"Ransomware in the United States is a three-for-one for Putin," he says. "It disrupts America. That's always a good thing. Two, it's a training ground for his cyber militia, who are often part-time contractors when he needs them for state action stuff. And I've always had a personal suspicion, and this is speculation, that he and the oligarchs profit. They get a tithe for looking the other way."
Painter said that during his time at the Justice Department and as Chair of the G8 High Tech Crime Group (when Russia was in the G8), Russia was not particularly cooperative when it came to cyber crime because the criminals were working at the behest of the state.
"That does not seem to be the case here, or at least the White House is saying that does not seem to be the case here," he says. "Or there was corruption, which I think persists. As long as they were attacking targets that were outside of Russia, Putin and the regime didn't care about them and left them to their own devices."
"If these ransomware groups are not acting on behalf of the Russian state, I think there's an opportunity to uproot them and actually take action. Biden can certainly make these groups' lives miserable if he wanted to, whether or not they get arrested."
What options exist to push Putin to the table?
Aside from arresting the ransomware attackers, a near-impossibility given that Russia's constitution forbids extraditing its citizens, the Biden administration does have some options to push Putin to the table.
"The key is for America to find a way to change the incentive structure in its dealings with Russia," Rosenzweig says. "We can go directly after the bad guys by destroying bitcoin wallets and stuff like that. But if we're talking about Russia incentivisation, the only answer that makes any sense is to find something that Russia has or wants or needs that we can hold at risk that compels them to stop."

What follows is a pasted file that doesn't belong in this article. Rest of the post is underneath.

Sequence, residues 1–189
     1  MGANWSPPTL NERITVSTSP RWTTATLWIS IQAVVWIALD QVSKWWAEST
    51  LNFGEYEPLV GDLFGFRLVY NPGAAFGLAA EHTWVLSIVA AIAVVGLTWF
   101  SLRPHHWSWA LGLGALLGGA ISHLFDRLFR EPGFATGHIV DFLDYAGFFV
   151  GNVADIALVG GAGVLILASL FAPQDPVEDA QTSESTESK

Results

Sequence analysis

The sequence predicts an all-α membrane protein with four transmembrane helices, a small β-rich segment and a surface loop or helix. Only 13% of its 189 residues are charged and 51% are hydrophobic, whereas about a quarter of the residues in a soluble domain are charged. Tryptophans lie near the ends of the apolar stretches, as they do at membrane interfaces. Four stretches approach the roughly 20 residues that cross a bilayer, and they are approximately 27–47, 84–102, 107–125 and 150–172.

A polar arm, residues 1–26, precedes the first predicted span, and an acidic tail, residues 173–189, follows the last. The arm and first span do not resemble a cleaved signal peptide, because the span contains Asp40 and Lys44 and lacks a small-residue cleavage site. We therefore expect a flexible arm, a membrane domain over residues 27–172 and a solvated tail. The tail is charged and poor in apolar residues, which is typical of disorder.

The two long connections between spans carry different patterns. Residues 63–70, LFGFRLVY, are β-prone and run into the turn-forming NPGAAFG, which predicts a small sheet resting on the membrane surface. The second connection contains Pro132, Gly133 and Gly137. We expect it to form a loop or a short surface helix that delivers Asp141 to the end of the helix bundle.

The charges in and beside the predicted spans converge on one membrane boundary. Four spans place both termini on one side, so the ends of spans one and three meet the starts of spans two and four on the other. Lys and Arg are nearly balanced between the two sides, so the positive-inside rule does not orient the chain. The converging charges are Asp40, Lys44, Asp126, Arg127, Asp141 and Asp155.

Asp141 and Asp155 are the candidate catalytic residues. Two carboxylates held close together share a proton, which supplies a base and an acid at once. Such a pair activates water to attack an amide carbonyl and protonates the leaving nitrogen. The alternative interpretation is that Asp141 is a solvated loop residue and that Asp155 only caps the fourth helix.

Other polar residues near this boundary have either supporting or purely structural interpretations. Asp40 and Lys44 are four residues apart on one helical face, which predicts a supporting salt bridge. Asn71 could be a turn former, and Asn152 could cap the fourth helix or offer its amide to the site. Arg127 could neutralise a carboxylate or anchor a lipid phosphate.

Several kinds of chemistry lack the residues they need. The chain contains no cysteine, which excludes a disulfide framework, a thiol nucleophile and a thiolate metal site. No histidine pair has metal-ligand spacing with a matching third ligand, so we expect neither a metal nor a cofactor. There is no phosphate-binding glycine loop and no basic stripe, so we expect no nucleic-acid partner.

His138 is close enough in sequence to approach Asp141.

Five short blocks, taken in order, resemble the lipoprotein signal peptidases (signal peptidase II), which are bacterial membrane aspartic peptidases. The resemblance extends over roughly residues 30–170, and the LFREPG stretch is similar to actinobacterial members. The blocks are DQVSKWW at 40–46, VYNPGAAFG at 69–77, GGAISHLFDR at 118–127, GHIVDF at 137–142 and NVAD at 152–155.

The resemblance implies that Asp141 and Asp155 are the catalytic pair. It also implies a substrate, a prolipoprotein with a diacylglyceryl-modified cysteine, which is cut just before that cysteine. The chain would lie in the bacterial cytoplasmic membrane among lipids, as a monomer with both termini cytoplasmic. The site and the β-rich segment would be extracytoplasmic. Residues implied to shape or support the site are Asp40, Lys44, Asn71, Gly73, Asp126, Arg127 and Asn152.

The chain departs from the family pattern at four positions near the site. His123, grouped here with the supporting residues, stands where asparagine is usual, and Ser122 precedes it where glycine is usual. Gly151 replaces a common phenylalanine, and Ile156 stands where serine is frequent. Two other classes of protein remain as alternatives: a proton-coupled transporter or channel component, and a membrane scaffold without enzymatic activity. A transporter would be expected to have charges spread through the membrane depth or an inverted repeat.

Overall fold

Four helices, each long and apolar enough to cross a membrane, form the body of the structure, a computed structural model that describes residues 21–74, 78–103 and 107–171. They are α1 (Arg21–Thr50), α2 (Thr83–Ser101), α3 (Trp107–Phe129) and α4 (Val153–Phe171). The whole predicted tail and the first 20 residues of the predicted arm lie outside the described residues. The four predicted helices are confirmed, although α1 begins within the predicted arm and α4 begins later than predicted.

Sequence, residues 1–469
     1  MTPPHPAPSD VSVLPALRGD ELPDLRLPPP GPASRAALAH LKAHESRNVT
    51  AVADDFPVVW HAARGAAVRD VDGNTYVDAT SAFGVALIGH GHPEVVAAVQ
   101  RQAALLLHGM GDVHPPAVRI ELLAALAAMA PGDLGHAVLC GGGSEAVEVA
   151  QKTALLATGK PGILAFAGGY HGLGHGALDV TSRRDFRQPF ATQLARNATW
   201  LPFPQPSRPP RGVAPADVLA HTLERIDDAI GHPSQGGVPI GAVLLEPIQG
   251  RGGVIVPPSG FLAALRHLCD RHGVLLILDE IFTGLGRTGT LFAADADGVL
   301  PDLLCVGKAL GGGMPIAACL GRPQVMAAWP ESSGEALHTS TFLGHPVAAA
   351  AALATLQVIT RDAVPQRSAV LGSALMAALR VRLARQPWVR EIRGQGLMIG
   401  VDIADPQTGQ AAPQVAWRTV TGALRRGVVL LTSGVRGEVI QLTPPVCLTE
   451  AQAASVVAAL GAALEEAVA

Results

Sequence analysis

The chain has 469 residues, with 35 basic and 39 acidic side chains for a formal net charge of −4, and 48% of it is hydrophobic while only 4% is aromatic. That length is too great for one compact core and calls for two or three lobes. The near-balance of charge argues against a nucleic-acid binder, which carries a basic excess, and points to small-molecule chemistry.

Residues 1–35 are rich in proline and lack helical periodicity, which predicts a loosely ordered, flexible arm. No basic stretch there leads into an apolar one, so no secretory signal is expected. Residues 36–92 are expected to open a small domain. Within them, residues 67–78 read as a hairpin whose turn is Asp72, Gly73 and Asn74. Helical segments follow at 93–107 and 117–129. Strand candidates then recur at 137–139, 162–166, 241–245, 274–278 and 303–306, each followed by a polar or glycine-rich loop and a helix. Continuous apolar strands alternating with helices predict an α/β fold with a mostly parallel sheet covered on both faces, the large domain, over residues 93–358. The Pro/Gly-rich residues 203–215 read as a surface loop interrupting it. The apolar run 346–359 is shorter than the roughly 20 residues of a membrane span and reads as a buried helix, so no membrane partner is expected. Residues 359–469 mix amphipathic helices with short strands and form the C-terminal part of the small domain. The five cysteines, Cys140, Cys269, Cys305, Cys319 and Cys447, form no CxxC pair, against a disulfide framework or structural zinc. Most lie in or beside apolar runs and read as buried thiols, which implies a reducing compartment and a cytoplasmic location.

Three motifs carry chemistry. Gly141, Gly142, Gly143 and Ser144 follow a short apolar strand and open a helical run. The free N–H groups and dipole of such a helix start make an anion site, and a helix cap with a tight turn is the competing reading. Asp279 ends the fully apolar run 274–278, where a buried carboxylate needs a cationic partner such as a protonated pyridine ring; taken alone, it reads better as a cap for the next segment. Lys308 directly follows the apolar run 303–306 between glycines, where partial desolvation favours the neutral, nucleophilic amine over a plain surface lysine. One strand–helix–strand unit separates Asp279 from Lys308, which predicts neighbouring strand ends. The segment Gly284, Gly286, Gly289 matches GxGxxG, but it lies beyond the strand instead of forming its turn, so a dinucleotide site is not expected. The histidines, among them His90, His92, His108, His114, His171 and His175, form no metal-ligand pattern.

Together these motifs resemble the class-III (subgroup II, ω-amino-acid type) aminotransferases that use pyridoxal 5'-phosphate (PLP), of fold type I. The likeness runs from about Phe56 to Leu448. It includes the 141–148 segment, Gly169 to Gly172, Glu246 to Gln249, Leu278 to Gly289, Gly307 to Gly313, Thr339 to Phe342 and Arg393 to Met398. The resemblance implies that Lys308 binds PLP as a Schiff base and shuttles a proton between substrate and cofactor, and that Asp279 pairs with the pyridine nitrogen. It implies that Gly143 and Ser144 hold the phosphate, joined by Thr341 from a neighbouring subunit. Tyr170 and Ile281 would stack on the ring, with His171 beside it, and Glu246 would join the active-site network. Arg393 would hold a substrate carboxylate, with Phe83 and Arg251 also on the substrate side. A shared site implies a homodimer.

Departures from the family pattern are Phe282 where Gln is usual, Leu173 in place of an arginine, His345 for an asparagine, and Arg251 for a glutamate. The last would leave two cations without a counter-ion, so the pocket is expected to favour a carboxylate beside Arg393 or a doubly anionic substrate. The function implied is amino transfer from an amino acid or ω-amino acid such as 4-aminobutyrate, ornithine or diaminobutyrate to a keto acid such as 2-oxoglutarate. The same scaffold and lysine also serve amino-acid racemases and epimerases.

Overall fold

"You can imagine a number of tools we can use to either put pressure on Russia itself, like additional sanctions," Painter says. But, "we haven't really had a strategic application of sanctions or other tools that we have. They've been sort of happenstance."
Painter says, "we can do things I think that will make a difference, but it needs to be well thought out to use tools such as law enforcement or even other tools to disrupt these criminal enterprises [such as the Justice Department's takedown of the Darkside ransomware gang's cryptocurrency wallet], which I think was an innovative thing. You can even imagine doing disruptive operations that Cyber Command or others might do."
"One of the [actions] I've been talking about with some friends is we could just shut Russia off from the network. We could change the BGP [border gateway protocol designed to exchange routing and reachability information] and isolate Russia more," Rosenzweig says. "Actually seems kind of commensurate and proportional and might have some effects."
However, "there is no perfect strategy right now. Putin has, as far as I can see, zero incentive to change what he's doing. And that's not a condemnation of President Biden because I think the same was true under Trump and Obama."